• If you see a snake, give it a wide berth and avoid sudden movements.
  • Don’t reach into areas you can’t see – many snakes like to hide in tall grass or logs.
  • Use trekking poles or a walking stick to help you see snakes before they see you.
  • Wear boots and long pants to help protect your legs.
  • If you see a snake, back away slowly and give it plenty of space.
  • Carry a Snake Bite Kit, just in case.

Do hiking boots protect against snake bites?

There is no definitive answer to this question. Some people believe that hiking boots offer some protection against snake bites, while others claim that they provide no real protection at all.

While I believe there is definitely more protection in hiking boots than hiking in Crocs, for example, there are certain species of snakes whose fangs will be able to penetrate even the thickest of hiking boots, so it’s always best to take precaution, regardless.

Hiking boots are not snake-proof, but they can offer some level of protection.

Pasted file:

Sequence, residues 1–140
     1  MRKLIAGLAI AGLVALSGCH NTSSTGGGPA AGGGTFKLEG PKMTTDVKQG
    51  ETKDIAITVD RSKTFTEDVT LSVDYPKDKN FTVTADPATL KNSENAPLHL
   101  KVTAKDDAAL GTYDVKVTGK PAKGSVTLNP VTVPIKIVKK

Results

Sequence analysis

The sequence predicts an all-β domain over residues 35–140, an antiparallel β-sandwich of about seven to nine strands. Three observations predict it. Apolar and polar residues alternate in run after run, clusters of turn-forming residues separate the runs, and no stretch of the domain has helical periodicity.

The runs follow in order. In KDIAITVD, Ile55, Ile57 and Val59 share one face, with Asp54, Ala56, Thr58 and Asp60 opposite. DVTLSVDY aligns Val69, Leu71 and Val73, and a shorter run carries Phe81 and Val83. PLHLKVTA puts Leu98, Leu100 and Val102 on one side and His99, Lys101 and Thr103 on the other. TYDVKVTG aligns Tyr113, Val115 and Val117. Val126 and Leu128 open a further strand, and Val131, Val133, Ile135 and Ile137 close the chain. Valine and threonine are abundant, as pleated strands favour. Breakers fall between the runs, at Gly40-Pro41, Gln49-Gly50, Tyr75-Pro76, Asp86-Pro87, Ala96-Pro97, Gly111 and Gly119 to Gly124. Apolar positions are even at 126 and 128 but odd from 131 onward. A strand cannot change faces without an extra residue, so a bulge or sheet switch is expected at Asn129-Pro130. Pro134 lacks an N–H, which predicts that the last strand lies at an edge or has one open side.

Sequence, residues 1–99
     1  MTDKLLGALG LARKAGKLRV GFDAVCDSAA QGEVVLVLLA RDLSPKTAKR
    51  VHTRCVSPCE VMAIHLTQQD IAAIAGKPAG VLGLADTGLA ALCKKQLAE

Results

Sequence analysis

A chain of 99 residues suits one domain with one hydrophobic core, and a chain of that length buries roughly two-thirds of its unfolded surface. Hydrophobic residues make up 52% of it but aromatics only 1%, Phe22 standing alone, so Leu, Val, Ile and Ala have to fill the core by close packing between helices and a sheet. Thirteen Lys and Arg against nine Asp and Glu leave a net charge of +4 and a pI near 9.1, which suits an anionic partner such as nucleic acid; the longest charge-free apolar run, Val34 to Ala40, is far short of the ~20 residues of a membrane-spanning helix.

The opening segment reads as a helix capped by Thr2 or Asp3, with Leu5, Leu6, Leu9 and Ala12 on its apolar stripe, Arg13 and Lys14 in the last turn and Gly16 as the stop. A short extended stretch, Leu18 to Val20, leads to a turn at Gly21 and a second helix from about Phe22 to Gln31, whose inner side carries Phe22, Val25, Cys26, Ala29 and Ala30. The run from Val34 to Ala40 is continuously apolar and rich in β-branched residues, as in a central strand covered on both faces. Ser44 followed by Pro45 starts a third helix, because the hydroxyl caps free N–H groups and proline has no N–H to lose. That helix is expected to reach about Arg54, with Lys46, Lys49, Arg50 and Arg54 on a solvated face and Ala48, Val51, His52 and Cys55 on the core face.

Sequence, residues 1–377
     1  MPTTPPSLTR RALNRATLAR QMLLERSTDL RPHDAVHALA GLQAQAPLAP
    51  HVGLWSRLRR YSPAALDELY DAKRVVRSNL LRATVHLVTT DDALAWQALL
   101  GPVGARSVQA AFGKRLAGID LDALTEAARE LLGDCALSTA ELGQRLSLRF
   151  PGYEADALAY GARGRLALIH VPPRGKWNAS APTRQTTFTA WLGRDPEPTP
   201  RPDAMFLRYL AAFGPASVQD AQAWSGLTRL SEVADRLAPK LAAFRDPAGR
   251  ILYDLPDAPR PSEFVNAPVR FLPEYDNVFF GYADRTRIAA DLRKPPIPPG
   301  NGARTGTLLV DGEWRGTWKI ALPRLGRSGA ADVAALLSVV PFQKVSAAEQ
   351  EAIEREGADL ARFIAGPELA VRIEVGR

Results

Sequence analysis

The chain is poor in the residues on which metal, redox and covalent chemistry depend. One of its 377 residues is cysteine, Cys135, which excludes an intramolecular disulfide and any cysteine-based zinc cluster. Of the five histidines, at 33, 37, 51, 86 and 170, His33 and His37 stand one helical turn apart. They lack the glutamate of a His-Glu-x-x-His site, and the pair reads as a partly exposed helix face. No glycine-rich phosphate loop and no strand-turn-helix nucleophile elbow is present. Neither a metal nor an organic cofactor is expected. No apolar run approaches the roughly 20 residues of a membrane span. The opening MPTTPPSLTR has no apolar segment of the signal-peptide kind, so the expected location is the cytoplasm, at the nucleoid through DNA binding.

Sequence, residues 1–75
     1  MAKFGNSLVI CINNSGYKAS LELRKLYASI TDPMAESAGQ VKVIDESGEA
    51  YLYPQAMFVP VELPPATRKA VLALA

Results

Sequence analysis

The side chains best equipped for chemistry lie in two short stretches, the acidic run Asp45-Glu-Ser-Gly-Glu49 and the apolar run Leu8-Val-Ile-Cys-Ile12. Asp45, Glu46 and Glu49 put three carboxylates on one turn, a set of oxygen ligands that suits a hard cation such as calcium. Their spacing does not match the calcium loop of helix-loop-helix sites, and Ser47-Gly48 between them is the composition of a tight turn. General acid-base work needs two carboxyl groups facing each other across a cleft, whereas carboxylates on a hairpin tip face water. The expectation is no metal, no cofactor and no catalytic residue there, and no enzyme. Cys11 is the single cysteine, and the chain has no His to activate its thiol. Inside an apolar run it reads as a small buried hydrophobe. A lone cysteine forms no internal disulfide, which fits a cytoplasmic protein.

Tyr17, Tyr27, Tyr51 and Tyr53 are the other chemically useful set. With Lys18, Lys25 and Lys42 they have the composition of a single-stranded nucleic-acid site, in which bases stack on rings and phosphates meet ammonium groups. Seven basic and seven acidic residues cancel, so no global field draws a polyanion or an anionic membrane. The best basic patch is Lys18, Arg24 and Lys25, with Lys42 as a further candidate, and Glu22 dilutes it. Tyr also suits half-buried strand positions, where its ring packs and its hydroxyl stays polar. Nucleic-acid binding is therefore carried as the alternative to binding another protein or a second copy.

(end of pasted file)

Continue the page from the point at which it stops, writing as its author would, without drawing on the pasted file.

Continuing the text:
The bottom line is that there is no foolproof way to avoid being bitten by a snake, no matter what you’re wearing.

What time of day are snakes the most active?

Believe it or not, most snake species are typically more active when it’s not too hot out, and they can find cooler places to hide. This means that you’re likely to see more activity from snakes during the early morning and evening hours. Of course, there are always exceptions to this rule, so it’s always best to be aware of the specific species of snake you’re bound to find depending on your trail.

So if you’re looking for a good time to hike to avoid snakes on your trail, try planning your trip during the afternoon hours.

snakes while hiking

What should you do if you see a snake while hiking?

If you see a snake while hiking, the best thing to do is give it a wide berth and avoid making any sudden movements. Some suggest stomping around the area to scare the snake away, but this might only provoke the snake and could lead to a bite if you’re not careful.